Q And then just one again on the discovery of cocaine. Are there concerns that an illicit substance was brought into the White House and not detected by security? Obviously, every guest that — that enters the White House goes through airport-like security. I’m wondering if — just generally, if there’s concerns about the ability for someone to bring it in.
MS. JEAN-PIERRE: So let’s let the — the Secret Service do their investigation. Again, this is under their purview. They’re going to look into all the things of what happened over the weekend. I just don’t want to get ahead of that.
Clearly, the Secret Service is — is in charge of security on campus. And so I would really refer you to them on this piece.
Q Will whoever brought this definitely be prosecuted?
MS. JEAN-PIERRE: Go ahead.
Q Thanks. Ohio Governor Mike DeWine is asking the President to declare East Palestinian a “major disaster area” after the train derailment. He sent the President a letter on Monday. Is the President considering and will he fulfill that request?
MS. JEAN-PIERRE: So I can say this: As it does with all of its requests, FEMA — it will expeditiously review the request — this particular request from the governor of Ohio, as well. This is something that we are — we do every time this comes through us.
What — a couple things I do want to state here as it relates to Norfolk and it — and Southern, to be more specific: It’s under a federal order to cover all costs for cleaning up its mess that it did — that they caused in East Palesti- — in East Palestine.
The EPA is making them pay so that the taxpayers don’t have to pay for their mess. And so we’ve been very clear about that. The EPA has been on top of that.
And so when it comes to a Norfolk
Souten [Southern], they have met their terms of the order to date, and there are stiff penalties if they do not. And so EPA is — again, has been on top of this.
And so just don’t have anything further.
But as we do with every declaration that comes — that comes our way — the FEMA’s way — major disat- — when it comes to major disasters, they’re going to take a look at this, and they’ll make a decision.
Q And why has the President not made the visit out there? And at this point, is he just not going to? He’s done a lot of travel in recent weeks and months.
MS. JEAN-PIERRE: So I’m just going to repeat what the President said. He — he will travel to the area, to East Palestine.
Just don’t have anything to share on travel or upcoming dates that he’ll be there.
But the President said it. He’s going to go. So he will go. Once we have a date, we’ll certainly share that.
Go ahead, Joey.
Q Yeah, thank you. If the Secret Service determines the — who brought the cocaine into the White House, does the White House support the prosecution of this individual?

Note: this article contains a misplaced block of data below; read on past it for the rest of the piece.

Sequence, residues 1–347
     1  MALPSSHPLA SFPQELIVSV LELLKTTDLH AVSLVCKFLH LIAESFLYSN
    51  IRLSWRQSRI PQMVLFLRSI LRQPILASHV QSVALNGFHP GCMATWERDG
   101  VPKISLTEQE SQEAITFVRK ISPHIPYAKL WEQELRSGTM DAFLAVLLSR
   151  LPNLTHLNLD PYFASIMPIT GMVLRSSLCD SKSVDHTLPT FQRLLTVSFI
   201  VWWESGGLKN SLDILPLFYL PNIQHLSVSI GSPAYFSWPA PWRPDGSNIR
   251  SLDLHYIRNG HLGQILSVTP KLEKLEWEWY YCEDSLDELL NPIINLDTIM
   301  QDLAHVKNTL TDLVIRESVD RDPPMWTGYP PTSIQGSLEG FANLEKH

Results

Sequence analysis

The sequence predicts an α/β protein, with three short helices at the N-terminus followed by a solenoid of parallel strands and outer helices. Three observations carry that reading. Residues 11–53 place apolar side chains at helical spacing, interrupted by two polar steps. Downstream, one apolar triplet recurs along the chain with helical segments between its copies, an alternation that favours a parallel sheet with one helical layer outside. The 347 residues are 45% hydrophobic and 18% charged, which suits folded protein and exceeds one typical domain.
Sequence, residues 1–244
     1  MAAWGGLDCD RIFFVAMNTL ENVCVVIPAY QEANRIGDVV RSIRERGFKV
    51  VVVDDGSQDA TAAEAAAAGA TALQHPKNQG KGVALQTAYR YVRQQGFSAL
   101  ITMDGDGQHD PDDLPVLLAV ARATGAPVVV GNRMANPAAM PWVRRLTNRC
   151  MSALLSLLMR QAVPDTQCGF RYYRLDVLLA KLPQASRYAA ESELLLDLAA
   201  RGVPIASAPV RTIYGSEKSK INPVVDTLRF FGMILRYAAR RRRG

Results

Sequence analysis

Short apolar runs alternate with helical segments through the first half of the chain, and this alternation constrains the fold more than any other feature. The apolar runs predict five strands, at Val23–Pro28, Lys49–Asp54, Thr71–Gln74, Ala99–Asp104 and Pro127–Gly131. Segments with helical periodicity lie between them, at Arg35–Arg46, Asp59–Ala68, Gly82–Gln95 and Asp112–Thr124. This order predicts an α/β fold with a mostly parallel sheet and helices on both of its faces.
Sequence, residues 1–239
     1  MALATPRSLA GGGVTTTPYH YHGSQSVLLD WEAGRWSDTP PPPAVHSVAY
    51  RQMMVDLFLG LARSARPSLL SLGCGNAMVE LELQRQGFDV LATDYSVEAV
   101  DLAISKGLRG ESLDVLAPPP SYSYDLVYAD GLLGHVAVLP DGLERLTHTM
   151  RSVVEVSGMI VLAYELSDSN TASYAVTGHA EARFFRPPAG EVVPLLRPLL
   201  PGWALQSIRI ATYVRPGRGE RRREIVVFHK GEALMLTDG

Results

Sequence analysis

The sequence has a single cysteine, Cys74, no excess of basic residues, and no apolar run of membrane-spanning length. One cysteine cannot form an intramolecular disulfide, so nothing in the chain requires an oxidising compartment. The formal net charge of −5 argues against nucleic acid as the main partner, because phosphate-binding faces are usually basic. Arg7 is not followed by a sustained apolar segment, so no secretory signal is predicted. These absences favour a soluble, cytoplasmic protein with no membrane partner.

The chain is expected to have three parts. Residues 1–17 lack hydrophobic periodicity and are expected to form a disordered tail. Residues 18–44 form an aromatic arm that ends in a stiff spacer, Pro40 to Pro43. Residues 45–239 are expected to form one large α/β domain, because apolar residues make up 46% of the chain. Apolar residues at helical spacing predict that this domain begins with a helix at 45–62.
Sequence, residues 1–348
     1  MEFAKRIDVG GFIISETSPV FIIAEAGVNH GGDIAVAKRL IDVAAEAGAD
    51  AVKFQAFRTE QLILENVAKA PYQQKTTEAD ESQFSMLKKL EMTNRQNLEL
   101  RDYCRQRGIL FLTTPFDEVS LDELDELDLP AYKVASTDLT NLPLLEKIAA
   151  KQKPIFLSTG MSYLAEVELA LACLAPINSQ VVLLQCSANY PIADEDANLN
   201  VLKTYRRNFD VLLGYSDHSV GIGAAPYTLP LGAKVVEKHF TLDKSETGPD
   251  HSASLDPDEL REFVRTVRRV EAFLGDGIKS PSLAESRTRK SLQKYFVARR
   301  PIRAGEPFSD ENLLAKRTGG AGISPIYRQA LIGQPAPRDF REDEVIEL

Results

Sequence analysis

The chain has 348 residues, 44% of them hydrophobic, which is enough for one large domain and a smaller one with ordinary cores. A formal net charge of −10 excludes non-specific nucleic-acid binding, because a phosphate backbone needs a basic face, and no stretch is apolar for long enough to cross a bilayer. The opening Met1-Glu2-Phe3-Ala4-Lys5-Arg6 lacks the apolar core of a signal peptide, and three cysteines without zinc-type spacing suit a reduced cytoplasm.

MS. JEAN-PIERRE: I’m just not going to get into hypotheticals from here. Let — let the Secret Service do their job. It’s under their purview. We are confident that they’ll get to the bottom of it. I’m just not going to get ahead of this at this time.
Q So Secret Service officials are actually cautioning that they might not find the person involved because it is such a busy thoroughfare. So if they don’t get to the bottom of it, as you’re saying, would the President be satisfied with, “Sir, this is a busy room, and we found some cocaine. We don’t know who brought it”?
MS. JEAN-PIERRE: So let’s see what the Secret Service says, right? They’re — again, this is under investigation. Don’t want to get into hypotheticals while the investigation is going — going — going on and is happening at this time. Just not going to get ahead of it.
Let Secret Service do their job.
Q And if I work on the White — if I work anywhere on the complex, what is the process like for me if I want to bring — can you just lay out, to the extent that you can, the process for, you know, if I want to bring in family or friends as — as somebody who works here? What is — do I go to somebody in the White House? Do I go immediately to the Secret Service and say, “Hey, I want to do this”? Like how — how does that work?
MS. JEAN-PIERRE: So, there is a specific process. I’m happy to share that with you. I — I want to make sure I get it right, so not certainly going to lay that out right at this time.
But there is a process, as one of your colleagues mentioned. Everybody does go through a process to come on — to come on campus. They do get vetted. They go through a security process. As it relates to the security piece of it, I would have to refer you to Secret Service.
But certainly, someone from my team can certainly lay out — I think some of you may understand this process, as some of you may not have a hard pass, and you know how this all works. But just not — I just want to make sure I get this right. So I’m happy to share that with you after the — after the briefing.
Q And can you preview the trip tomorrow at all?
MS. JEAN-PIERRE: Sure. Let’s see. As you know, the President is going to go to South Carolina tomorrow. He’s going to certainly be making an announcement on the manufacturing. And that’s the layout here of what that’s going to look like. Give me one second.
I don’t have that here. We’ll certainly share it with you after the briefing.
But, I mean, this all plays into what the President has been saying, which is, like: He’s a president for all Americans, whether you’re a red state or a blue state.